Local experts talk fallout from J&J vaccine pause
TALLAHASSEE, Fla. (WCTV) - Tuesday’s announcement from the FDA about the Johnson & Johnson vaccine is sparking a wave of debate and lots of questions.
What should you do if you just received the J&J shot? And could this increase vaccine hesitancy among those on the fence about getting any vaccine?
If you received the J&J shot recently, the CDC says to keep a close eye on your health for three weeks. Watch for a sharp headache, abdominal pain, leg pain, and shortness of breath, and call your doctor if you experience any of those symptoms.
FSU College of Medicine’s Dr. Christie Alexander says the reports of clots in the brain, found in six women among the nearly 7 million recipients of the shot, is incredibly rare.
But she’s glad federal officials are taking a closer look.
“My first reaction was good,” she said. “I’m glad they’re pulling it, so we can find out exactly what is going on here.”
Dr. Alexander says the clots are serious, but need to be put in context, explaining that other common situations carry similar risks.
“The numbers are much lower than we see in the general population, or in women who take oral contraceptive pills, or in pregnancy, or in COVID-19 itself,” she said.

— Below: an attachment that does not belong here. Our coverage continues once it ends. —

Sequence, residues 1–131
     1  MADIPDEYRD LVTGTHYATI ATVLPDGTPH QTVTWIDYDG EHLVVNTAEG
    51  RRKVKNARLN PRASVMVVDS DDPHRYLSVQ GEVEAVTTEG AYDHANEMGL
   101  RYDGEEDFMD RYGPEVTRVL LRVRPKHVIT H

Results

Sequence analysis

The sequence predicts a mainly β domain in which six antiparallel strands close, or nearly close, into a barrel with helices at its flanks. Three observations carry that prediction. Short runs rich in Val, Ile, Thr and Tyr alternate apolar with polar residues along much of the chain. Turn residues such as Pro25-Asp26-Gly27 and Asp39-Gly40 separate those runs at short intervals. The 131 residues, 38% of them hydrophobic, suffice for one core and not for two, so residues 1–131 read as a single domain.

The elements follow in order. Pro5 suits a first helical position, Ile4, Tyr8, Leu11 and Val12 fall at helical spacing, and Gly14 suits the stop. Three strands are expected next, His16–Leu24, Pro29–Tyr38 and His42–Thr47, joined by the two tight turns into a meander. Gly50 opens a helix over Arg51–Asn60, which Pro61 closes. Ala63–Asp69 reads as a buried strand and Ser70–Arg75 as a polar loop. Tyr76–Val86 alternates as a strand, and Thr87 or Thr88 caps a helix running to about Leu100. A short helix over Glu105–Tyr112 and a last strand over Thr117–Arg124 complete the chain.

University of Florida Associate Professor of Infectious Disease Dr. Kartik Cherabuddi also agrees with Tuesday’s shelving of the vaccine.
“In my opinion, this is the better way to do it,” he said.
He argues a quick and transparent action benefits everyone.
“If they don’t address it head on, the rumors are going to spread,” he said.
But some critics point that misinformation- or vaccine hesitancy- could grow with the news.
Reverend R.B. Holmes has been working weeks to help minority communities in Tallahassee gain access to the vaccines, and the facts that come along with it.
He said he listens to the experts, and understands the need to make sure it’s safe. He understands folks may be scared by the process.
“Human nature is going to respond to this pause,” he said.
But Rev. Holmes said he will keep working to give folks a clear picture of the vaccine rollout, no matter what speed bumps he encounters.
“We’ll continue to educate, and engage, and communicate, and tell the folks the truth.”
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